SO Much Love for the #ImNoAngel Movement…
My best friend, Shirl, showed me this beautiful picture:
It’s the new campaign by lingerie brand Lane Bryant. It’s exactly the attitude that I’ve been wanting applied to women in the media for ages, and I’m so glad to finally see it!
So far, the representation of women in advertising has felt very divided. In one corner we have the ever hated ‘Skinny Models’ – thin, tall and generally white – epitomised by the Victoria’s Secret Angels. In the other corner, we have the so-called ‘Real Women’: all ages, shapes and colours, generally smiling in unflattering nude knickers.
Both corners are often pitted against one another. Us ‘Skinny Models’ are demonised as unrepresentative of women: we’re unhealthy, disgusting and elitist. I will never deny that there is pressure to be horribly skinny in some areas of fashion, but not all: I can’t help but picture so many of my lovely model friends who are simply very healthy in their attitude to diet and exercise. Add on to this the fact that many of us have been bullied throughout our lives for our slender appearance, being maligned as ‘disgusting anorexic skinny models’ can feel truly unjust.
And what about ‘The Real Women’? Well firstly – what are us models? Unreal? Over retouched at times, yes, but I think I’ve proved we’re ‘Only Human’ after all! Whilst I do think it’s great to have a range of happy looking women from all walks of life in campaigns, I can actually find the ads a bit patronising and they can even border on tokenism at times.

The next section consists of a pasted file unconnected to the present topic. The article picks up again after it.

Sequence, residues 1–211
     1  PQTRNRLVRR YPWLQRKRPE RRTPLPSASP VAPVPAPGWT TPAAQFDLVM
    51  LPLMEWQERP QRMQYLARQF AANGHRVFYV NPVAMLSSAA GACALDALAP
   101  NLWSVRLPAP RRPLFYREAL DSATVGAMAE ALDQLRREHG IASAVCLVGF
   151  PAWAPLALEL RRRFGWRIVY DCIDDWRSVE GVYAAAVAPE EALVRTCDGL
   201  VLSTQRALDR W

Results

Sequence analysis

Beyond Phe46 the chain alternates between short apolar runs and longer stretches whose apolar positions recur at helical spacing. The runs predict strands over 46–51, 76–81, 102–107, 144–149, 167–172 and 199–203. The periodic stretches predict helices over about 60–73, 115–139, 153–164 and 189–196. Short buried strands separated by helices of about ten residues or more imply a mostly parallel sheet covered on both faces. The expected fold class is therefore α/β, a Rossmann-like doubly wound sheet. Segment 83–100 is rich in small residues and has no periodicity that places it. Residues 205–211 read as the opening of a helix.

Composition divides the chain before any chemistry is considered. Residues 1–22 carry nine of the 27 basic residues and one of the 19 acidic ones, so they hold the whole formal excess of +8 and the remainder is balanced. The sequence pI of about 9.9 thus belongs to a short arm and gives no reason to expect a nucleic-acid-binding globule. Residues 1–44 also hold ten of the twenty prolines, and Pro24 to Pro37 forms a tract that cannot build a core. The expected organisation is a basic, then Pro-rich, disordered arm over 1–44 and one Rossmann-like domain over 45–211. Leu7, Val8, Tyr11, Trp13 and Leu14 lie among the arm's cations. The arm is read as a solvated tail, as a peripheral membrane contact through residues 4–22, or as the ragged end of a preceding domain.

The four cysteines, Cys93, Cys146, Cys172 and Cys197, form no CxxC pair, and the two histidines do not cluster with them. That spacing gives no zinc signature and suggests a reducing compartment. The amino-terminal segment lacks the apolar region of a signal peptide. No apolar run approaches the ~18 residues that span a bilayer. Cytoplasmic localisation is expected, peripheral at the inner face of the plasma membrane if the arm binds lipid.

Worst of all, though, it’s the divisiveness and hatefulness that bothers me. The way that Victoria’s Secret models are deemed ‘revolting’ (come on, who actually believes themselves when they say that?)
…As well as the way that my industry is very elitist in regards to body image, age and race.
The Lane Bryant Campaign? It simply says ‘we’re don’t fit into the Victoria’s Secret model mould, but just look how gloriously beautiful we are, too. Let’s all be beautiful, together.’
It’s making a strong statement without denigrating anyone else.
I don’t want to be pitted against ‘Real Women’. I am a real woman, want to celebrate my natural self, and encourage and celebrate other people (male and female) feeling good about themselves, too.
Good on Lane Bryant for making a campaign that’s about love and acceptance for all.
I’d love to know what your readers think of it – do my non-model friends feel more represented? And do me model friends agree with me that it’s not aggressively aimed at us for once? Join in and comment below!